Search results

Chapter 5 . Fashionable society in ‘these our cloudy days’ I f Westminster had been famously a ‘royal city’, it was also renowned, as James Howell noted, as the residence of ‘most of the Nobility and Gentry’, and increasingly as a focus for a fashionable ‘season’ that embraced many more elite visitors. Historians have traditionally seen the 1640s and 1650s as a time when, with the royal court abandoned and the neighbourhood subjected to the years of wartime disruption, followed by those of puritan regulation, the gentry season and fashionable society of the

in Westminster 1640–60

The social world of early modern Westminster Chapter 5 The rise of a fashionable society I live i’ th’Strand . . . I’ll have My house the academy of wits, who shall . . . Write panegyrics of my feasts . . . The horses shall be taught, with frequent waiting Upon my gates to stop in their career Toward Charing Cross . . . my balcony Shall be the courtier’s idol, and more gazed at Than all the pageantry at Temple Bar By country clients.1 O declares Celestina in James Shirley’s play The Lady of Pleasure, staged in 1635. Her words evoke the way in which

in The social world of early modern Westminster
A royal city in a time of revolution

This book examines the varied and fascinating ways in which the series of non-monarchical regimes of England’s civil wars and interregnum interacted with the unique locality and community of Westminster. Westminster (as opposed to London) was traditionally viewed as the ‘royal’ city – the site of Whitehall Palace and the royal courts of justice, its Abbey reputed to be the ‘house of kings’, and its inhabitants assumed to be instinctive followers of the monarch and the royal court. Westminster emerges in this study as a site of extraordinary ambiguities and juxtapositions. The promoters of vigorous moral reformation and a sustained and often intrusive military presence coexisted uneasily with the area’s distinctive forms of elite sociability and luxury. The state’s foremost godly preachers performed in close proximity to royalist churchmen. More generally, the forces of political, religious and cultural conservatism can be observed on the very doorstep of parliament and non-monarchical regimes. Yet for Westminster as a whole, this was the time when the locality became tied to the state more tightly than ever before, while at key moments the town’s distinctive geography and local government played a significant role in shaping the political crises of the period. Chapters analyse the crisis of 1640-42, the use of Westminster’s iconic buildings and spaces by the non-monarchical regimes, the sustained military occupation of the locality, the problems of political allegiance and local government, the religious divisions and practices of the period, and the problematic revival of fashionable society in a time of political tension.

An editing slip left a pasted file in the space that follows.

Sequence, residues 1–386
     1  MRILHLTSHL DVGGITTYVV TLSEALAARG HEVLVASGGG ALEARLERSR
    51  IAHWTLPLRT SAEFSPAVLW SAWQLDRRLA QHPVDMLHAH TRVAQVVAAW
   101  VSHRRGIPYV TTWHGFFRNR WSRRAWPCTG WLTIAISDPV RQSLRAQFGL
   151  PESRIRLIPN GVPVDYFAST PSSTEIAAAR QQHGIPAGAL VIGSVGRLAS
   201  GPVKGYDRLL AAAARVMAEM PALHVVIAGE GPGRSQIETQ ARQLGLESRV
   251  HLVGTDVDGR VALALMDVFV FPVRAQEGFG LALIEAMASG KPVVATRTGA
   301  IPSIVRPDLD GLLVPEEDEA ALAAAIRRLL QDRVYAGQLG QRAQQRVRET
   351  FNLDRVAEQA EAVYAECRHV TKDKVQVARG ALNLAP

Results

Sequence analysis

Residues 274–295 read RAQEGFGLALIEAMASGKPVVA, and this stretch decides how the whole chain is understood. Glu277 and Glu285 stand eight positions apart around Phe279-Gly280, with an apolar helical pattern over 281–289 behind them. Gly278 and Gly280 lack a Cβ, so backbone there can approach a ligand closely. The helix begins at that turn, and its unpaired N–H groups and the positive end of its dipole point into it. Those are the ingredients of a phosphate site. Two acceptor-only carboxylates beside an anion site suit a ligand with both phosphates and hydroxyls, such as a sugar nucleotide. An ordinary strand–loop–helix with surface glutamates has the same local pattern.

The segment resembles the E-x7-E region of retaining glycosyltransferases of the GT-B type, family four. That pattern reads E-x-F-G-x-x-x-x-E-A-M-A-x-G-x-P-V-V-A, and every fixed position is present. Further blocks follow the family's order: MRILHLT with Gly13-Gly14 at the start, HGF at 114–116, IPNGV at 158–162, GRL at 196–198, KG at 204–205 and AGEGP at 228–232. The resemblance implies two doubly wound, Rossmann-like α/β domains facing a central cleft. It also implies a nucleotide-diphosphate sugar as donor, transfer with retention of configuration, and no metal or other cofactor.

Abbey, court and community 1525–1640

Early modern Westminster is familiar as the location of the Royal Court at Whitehall, parliament, the law courts and the emerging West End, yet it has never been studied in its own right. This book reveals the often problematic relations between the diverse groups of people who constituted local society - the Court, the aristocracy, the Abbey, the middling sort and the poor - and the competing visions of Westminster's identity which their presence engendered. There were four parishes in Westminster at the turn of the sixteenth century. The parishes of St Martin's and St Margaret's have been identified as two of only eighteen English parishes for which continuous and detailed parish records survive for the turbulent period 1535-1570. Differences in social organization, administrative structure and corporate life in the two parishes also provide a study in contrasts. These crucial differences partly shaped forms of lay piety in each parish as well as their very different responses to the religious reformations of Henry VIII and his children. The death of Henry VIII heralded important changes in Westminster. Most strikingly, however, this was a period of major religious change, in stark contrast to the piecemeal changes of Henry's reign. The dissolution of Westminster's abbey gave rise to special problems. The book examines individuals who wielded the most influence at the local government; as well as the social identity of these parish elites. Finally, it explores the interaction of religion with the social and political developments observed in the post-Reformation town.